Bank-one / Rabobank
What is the problem? Why might investors be so concerned about the bank’s derivative use?
The problem is that Banc One’s stock price has gone down nearly 25% due to analyst and investor concern that increased derivative use has inflated key accounting margins and ratios. The derivatives (interest-rate swaps) do not show up on the balance sheet as assets/liabilities, but do show up on the income statement. Therefore, metrics such as ReturnOnAssets may not accurately reflect the underlying business.
Derivative use was concerning to investors mainly because they did not fully understand the complex swaps, and saw them as risky. Banks had not typically invested so heavily in swaps, so investors felt that Banc One’s enormous ramping of derivative use in early 1990s obscured the risk the company was taking. Investors feared that without prudent management of the derivative portfolio, the company could be suffering huge risks (interest rate for example) for revenue gains. Investors also feared that the use of derivatives made the company’s revenue growth appear greater than it was.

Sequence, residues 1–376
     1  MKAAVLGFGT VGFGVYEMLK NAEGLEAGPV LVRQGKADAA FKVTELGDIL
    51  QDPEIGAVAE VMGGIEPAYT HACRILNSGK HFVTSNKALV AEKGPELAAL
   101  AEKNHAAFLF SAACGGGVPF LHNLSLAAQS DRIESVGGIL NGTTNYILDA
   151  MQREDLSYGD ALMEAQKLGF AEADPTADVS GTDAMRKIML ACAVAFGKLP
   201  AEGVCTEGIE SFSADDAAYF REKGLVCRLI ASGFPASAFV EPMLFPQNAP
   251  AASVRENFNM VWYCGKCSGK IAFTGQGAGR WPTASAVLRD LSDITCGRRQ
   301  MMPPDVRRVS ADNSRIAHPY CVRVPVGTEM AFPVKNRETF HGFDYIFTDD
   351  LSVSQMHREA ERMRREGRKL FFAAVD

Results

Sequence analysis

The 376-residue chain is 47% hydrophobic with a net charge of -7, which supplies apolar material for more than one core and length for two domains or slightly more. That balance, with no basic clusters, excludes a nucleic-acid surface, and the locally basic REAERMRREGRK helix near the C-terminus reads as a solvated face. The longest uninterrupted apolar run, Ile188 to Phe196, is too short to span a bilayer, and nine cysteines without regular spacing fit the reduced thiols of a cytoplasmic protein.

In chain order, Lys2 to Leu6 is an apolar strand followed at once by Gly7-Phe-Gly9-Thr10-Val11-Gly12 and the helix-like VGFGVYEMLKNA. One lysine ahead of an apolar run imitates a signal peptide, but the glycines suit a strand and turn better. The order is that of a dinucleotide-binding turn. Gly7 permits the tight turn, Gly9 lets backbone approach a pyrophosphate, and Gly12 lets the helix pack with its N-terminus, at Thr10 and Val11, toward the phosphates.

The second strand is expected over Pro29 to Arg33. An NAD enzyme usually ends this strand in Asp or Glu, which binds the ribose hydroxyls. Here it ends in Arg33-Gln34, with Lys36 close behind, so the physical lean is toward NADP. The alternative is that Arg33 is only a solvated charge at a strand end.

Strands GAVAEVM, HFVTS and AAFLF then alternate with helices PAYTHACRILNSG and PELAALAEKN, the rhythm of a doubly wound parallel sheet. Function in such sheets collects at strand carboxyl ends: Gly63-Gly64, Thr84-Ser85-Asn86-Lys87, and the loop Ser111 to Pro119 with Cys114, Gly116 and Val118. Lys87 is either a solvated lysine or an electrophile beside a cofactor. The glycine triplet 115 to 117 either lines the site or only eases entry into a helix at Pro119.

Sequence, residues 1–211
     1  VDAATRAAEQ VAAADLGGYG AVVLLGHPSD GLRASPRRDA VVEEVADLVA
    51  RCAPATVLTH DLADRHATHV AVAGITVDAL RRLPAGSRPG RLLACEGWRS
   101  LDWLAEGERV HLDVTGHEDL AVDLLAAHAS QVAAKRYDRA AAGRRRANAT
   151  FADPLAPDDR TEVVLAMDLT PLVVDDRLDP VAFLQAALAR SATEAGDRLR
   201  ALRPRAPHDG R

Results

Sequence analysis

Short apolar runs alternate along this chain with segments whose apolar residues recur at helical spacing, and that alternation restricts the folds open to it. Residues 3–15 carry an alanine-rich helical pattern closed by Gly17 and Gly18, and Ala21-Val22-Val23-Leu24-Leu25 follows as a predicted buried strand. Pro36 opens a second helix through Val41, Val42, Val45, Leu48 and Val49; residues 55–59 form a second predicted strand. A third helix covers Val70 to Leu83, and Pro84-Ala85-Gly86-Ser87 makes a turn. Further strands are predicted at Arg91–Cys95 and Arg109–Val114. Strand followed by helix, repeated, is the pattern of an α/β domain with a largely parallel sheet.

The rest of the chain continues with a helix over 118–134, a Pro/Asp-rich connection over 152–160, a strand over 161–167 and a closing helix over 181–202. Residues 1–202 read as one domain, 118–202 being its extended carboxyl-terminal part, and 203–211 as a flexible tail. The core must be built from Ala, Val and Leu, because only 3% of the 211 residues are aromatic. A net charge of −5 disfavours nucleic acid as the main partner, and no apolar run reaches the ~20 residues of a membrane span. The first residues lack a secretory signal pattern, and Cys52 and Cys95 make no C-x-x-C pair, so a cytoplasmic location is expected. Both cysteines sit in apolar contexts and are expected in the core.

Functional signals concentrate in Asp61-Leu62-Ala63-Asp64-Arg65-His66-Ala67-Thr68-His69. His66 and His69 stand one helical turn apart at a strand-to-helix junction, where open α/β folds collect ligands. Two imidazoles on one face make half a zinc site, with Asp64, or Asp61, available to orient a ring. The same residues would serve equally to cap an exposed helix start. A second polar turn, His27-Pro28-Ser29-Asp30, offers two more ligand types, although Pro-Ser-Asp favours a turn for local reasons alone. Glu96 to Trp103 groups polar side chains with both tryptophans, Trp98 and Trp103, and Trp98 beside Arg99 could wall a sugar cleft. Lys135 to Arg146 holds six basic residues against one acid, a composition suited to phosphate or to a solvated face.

How does Banc One manage its interest rate exposure and what role do derivatives play in its interest-rate risk management?
Banc One managed exposure to interest rate fluctuations by performing deals that would allow it to get fixed rate payments in exchange for floating rate payments. The deals would make the bank more liability-sensitive, so a decrease in interest rate would increase earnings. This offset the asset sensitivity nature of its business and acquisitions.
Banc One initially managed to do this by balancing its assets. It would sell floating rate liabilities and buy fixed-rate assets (municipal bonds for example), until its exposure was equaled out (or where they felt comfortable). They later used interest rate swaps as the primary method to balance fixed and floating rate assets/liabilities. These derivatives, mainly...
Please join StudyMode to read the full document